The Richmond Christmas Fund came to the aid of a record number of local families last year and that figure is set to rise even further next month.
Around 2,400 people benefitted from the fund in 2018, up from 2,100 the previous year, with recipients getting the likes of toys for the kids and food to put on table at Christmas time.
However, the organization – run by non-profit Richmond Cares Richmond Gives (RCRG) – has teamed up with the City of Richmond, which will be rolling the 600 or so recipients from its Supporting Richmond Working Families Fund into the Christmas fund.
A number Richmond Christmas Fund drives and events kick off this weekend all over the city.
“For several years the city has operated its own fund and connected with families in need through their community centres and through the school district,” said RCRG’s CEO, Ed Gavsie.
“We’ve been talking to them for a little over a year now about how we can work together.
“The city is providing us with around 200 passes for their recreational facilities, including the likes of Watermania. And they have their staff drives for cash…that money will be going into the pot, so to speak.”
Whether the two funds combining will translate to around 3,000 families registering with the Christmas fund, only time will tell, added Gavsie, as “there may be a bit of duplication” in the people who used both funds in the past.
“Demand is going to go up due to this, but we will benefit from the fundraising by their staff and the passes from the city.”
One of the Christmas fund co-chairs, Wayne Duzita, said they also have new partners on board this year, which he hopes will even out the higher volume of demand.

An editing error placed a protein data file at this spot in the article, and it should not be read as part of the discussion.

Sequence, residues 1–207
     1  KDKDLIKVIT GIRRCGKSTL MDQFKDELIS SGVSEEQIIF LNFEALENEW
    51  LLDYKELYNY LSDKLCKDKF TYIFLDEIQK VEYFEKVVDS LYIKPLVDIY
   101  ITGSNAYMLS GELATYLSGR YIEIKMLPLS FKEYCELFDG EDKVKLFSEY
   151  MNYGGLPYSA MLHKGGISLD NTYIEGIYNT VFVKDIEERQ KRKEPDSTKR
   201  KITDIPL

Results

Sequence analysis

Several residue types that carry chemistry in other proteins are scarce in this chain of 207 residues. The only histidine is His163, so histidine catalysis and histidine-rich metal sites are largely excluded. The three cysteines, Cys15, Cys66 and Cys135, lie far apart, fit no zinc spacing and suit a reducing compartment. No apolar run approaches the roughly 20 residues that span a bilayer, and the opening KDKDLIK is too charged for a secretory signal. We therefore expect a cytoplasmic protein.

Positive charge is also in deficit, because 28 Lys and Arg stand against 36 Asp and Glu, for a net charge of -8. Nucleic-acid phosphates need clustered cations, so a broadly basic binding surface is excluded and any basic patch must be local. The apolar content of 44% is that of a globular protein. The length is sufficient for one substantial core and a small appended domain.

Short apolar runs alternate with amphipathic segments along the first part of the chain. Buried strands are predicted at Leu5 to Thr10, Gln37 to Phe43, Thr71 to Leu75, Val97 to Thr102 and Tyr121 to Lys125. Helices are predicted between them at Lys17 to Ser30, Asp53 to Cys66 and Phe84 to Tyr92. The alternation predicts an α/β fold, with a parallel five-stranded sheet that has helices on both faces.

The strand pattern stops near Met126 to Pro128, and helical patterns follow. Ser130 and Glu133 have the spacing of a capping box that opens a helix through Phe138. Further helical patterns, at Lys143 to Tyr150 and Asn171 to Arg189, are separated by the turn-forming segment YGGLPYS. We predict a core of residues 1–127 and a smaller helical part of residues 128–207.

“We have Platinum Pro-Claim with 160 employees, MacDonald Dettwiler with 700 and the River Rock is having an internal drive of its own for the first time,” added Duzita.
“That will create more toys for sure. It’s all a bit of an unknown factor, but we’re constantly evolving, as are the needs of our clients.”
Asked how the Christmas fund deals with the stigma for families, perhaps having to swallow their pride to ask for help, Gavsie said they used to ask for proof of income.
“A few years ago, we changed the method of qualifying to be less intrusive,” he said.
“We now rely a lot on our referring agencies. They know the families that are in need and if they contact us, saying this particular family needs help at Christmas, that’s good enough for us."
And despite what some people think, the fund is not about helping homeless people.
“This could be your neighbour. Families on minimum wage, living paycheque to paycheque,” explained Duzita.
“I’ve spoken to many people who come to the fund looking for help and I’ve never gotten so many hugs. They tell us that we’re filling a huge gap for them. There’s a lot of hidden poverty in Richmond.”
Two of the biggest events in November are the RCMP’s “stuff the cruiser” toy drive and pancake breakfast on Saturday, Nov. 16 at Ironwood Plaza from 8 a.m. to noon and the second annual A Not So Silent Night, at Jaguar Land Rover’s showroom at the Richmond Auto Mall, on Wednesday, Nov. 27, from 5:30 to 8 p.m.
Full list of events:
Richmond Auto Mall’s Windows of Hope, Wednesday, Nov. 20, 3 to 8 p.m.;
Steveston Girls’ Night Out at Splash Toy Shop, Thursday, Nov. 21, 5 to 9 p.m.;
Christmas Classic Car Cruise, Sunday, Dec. 1, 12:15 to 2:30 p.m. in Steveston Village;
Richmond Christmas Fund Drive-Thru Event, Tuesday, Dec. 3, from 7 to 10 a.m. at Brighouse Fire Hall No. 1;
Christmas Fund Gift Wrap, Dec. 1 to 24, 12:30 to 6 p.m. at Lansdowne Centre.
If you can’t attend any of the Richmond Christmas Fund events, you can still support it with an online donation.
If you’d like to run your own toy drive or want a donation box, contact Gavsie at 604-279-7029 or firstname.lastname@example.org.